Gender-based breakdown of heart disease
■ An occasional snapshot of current facts and trends in medicine.
Quick View. Posted Sept. 17, 2007
For the past 80 years, heart disease has been a leading cause of death and a major factor in disability in the United States.
Respondents to the 2005 Behavioral Risk Factor Surveillance System survey* answered questions about whether a doctor or other health professional had ever told them they had experienced a heart attack, angina or other cardiac disease. As the chart indicates, men had a significantly higher prevalence of myocardial infarction history than did women. Additional data also indicate that histories of MI, angina/coronary heart disease and one or more of these conditions appeared to increase in prevalence among successive age groups and decreased with higher education. More information is available online (link).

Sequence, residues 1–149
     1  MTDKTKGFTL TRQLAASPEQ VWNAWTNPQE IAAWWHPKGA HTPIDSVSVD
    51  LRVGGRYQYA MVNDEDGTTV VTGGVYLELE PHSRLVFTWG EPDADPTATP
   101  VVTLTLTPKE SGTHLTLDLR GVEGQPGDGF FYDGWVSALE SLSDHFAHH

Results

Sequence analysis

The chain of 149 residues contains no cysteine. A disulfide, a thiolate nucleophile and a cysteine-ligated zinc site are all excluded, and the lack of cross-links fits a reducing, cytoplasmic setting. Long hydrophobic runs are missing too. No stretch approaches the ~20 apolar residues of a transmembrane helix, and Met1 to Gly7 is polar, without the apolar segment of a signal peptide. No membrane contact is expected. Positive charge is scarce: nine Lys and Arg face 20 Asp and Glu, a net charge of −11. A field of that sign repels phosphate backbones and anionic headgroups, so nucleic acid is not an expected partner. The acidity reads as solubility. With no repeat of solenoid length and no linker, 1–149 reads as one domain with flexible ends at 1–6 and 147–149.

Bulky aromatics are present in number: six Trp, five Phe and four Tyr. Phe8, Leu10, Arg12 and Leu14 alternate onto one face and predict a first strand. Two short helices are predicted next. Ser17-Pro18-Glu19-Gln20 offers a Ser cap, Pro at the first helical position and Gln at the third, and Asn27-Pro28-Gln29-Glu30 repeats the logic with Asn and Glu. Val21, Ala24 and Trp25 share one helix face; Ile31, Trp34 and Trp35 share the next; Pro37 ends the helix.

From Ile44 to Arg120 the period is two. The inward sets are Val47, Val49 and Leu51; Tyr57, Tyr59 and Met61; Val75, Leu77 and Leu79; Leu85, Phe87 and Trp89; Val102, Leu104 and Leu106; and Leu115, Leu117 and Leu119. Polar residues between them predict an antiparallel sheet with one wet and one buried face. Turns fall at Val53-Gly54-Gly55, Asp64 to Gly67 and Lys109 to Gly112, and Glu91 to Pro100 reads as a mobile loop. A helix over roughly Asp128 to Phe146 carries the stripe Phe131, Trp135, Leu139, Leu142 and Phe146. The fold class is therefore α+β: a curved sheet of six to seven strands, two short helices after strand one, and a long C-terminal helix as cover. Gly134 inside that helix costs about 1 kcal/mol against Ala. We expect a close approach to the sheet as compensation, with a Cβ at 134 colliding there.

Note: The BRFSS is a state-based, random-digit-dialed telephone survey of the noninstitutionalized U.S civilian population 18 years or older living in households in all 50 states, the District of Columbia and the U.S. Virgin Islands. The survey is administered by state health departments in collaboration with the Centers for Disease Control and Prevention.
Source: National Center for Chronic Disease Prevention and Health Promotion